Hundreds of people in New York City gathered around the United Nations to raise awareness of the 1 year since Boko Haram terrorists abducted the Chibok girls on April 14th. The activists and demonstrators gathered at an interfaith vigil service in the early evening, before marching silently to the Nigeria consulate and UN mission two blocks away.
One of the organizers, PathFinders Justice Executive Director R. Evon Idahosa, told SaharaReporters that the event was “decidedly interfaith because it creates a representation that the violence against the Chibok girls can happen to anyone.”
“Making this event interfaith shows the many faces of violence against women,” R. Evon Idahosa said.
Giving the Chibok girls justice was a central theme in the speeches by religious and activist speakers. A high school student who spoke at the vigil told SaharaReporters that she feels that “people should enlighten themselves about the Chibok girls” and that the most important first step is to “become educated and expose yourself to new experiences.”
Mojubaolu Okome, an organizer of the protest and professor at Brooklyn College in New York, told the crowd that a grave injustice was directed against the Chibok girls not just from Boko Haram, but from the Nigerian government.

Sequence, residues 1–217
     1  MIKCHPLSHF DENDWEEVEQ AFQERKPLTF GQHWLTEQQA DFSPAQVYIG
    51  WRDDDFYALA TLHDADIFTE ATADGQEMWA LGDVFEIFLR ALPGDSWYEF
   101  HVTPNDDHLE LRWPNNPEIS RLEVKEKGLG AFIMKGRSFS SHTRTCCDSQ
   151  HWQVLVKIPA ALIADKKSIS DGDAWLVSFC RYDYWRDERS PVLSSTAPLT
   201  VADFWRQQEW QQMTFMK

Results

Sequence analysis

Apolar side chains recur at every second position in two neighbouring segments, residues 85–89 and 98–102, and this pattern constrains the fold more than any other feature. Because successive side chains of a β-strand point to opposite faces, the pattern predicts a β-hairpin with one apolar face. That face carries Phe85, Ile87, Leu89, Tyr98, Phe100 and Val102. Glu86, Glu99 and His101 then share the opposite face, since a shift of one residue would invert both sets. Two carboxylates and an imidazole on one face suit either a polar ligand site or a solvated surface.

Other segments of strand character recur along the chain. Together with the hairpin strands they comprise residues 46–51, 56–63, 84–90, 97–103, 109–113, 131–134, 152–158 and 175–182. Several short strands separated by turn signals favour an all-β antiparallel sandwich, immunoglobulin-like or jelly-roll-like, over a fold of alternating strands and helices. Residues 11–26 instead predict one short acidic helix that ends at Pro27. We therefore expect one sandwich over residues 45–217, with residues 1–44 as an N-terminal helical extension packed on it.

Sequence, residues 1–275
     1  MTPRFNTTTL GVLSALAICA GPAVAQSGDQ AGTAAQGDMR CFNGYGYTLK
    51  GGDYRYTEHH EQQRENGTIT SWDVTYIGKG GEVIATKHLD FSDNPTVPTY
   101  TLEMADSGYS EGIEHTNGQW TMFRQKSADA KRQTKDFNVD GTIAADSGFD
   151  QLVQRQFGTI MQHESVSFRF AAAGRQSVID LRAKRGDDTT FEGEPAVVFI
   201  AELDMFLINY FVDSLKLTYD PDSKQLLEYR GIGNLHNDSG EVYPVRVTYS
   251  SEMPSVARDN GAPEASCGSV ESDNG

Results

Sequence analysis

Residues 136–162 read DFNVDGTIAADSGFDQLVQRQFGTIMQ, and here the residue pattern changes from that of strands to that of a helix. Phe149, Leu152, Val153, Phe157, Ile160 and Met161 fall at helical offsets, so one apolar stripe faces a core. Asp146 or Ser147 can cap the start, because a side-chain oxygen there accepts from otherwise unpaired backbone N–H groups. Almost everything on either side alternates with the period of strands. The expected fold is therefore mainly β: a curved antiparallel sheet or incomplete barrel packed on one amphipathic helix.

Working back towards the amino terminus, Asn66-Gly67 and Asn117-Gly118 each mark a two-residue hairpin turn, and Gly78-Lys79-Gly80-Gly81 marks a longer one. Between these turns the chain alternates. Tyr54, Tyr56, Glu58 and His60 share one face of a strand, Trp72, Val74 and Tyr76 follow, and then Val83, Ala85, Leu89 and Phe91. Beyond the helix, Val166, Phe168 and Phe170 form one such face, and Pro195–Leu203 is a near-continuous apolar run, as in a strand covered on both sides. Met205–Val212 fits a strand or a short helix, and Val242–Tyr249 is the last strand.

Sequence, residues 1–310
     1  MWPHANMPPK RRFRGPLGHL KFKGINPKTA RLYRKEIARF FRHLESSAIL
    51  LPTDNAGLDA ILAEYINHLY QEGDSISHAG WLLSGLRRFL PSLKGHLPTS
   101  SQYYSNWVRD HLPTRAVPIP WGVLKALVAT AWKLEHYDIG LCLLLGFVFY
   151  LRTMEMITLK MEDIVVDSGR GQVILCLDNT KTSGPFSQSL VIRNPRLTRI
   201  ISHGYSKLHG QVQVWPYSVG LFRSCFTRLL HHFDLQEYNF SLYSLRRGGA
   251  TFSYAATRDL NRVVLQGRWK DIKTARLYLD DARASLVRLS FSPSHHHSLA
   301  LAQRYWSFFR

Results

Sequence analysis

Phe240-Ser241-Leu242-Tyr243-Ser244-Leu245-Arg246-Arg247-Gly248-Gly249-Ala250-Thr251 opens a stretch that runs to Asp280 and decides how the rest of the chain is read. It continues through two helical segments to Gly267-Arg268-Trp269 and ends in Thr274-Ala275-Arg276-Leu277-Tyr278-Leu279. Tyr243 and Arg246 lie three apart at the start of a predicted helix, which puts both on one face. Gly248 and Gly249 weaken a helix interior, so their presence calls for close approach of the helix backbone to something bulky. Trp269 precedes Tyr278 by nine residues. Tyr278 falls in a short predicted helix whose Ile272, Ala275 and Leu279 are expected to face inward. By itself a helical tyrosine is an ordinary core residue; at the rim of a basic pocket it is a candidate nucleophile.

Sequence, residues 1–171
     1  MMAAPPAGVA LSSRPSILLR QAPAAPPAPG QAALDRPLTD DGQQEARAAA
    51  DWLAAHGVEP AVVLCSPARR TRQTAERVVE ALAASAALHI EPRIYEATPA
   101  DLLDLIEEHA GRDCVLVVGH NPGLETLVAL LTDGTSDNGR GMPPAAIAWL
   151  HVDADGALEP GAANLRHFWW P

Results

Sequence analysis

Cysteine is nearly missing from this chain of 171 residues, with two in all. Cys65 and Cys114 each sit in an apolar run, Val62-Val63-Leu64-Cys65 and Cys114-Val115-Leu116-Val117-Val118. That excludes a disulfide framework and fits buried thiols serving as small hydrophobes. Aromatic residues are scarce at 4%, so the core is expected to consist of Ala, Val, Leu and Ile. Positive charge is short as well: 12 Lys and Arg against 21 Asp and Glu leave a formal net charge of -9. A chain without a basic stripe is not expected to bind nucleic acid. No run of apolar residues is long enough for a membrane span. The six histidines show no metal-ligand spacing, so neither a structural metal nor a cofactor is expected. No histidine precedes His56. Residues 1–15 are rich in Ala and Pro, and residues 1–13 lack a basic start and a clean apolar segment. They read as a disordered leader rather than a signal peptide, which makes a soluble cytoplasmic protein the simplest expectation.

“The Nigerian government has not interviewed the girls who escaped—to learn about their needs, or even to gather intelligence about where the remaining girls may be,” Professor Okome said.
“The will need psychological and social support, their families will need the same, and the communities must be rehabilitated—that is what a top-notch country does,” she added.
Demonstrators silently walked marched from the vigil to Nigeria’s consulate carrying #Bringbackourgirls signs and red tape covering their mouths to symbolize the silencing of women through violence. Once outside protesters began counting from 1 to 219, for the number of Chibok girls still in captivity.
Reporters on the ground say they observed Nigerian diplomats leaving their offices, and quickly avoiding the protesters.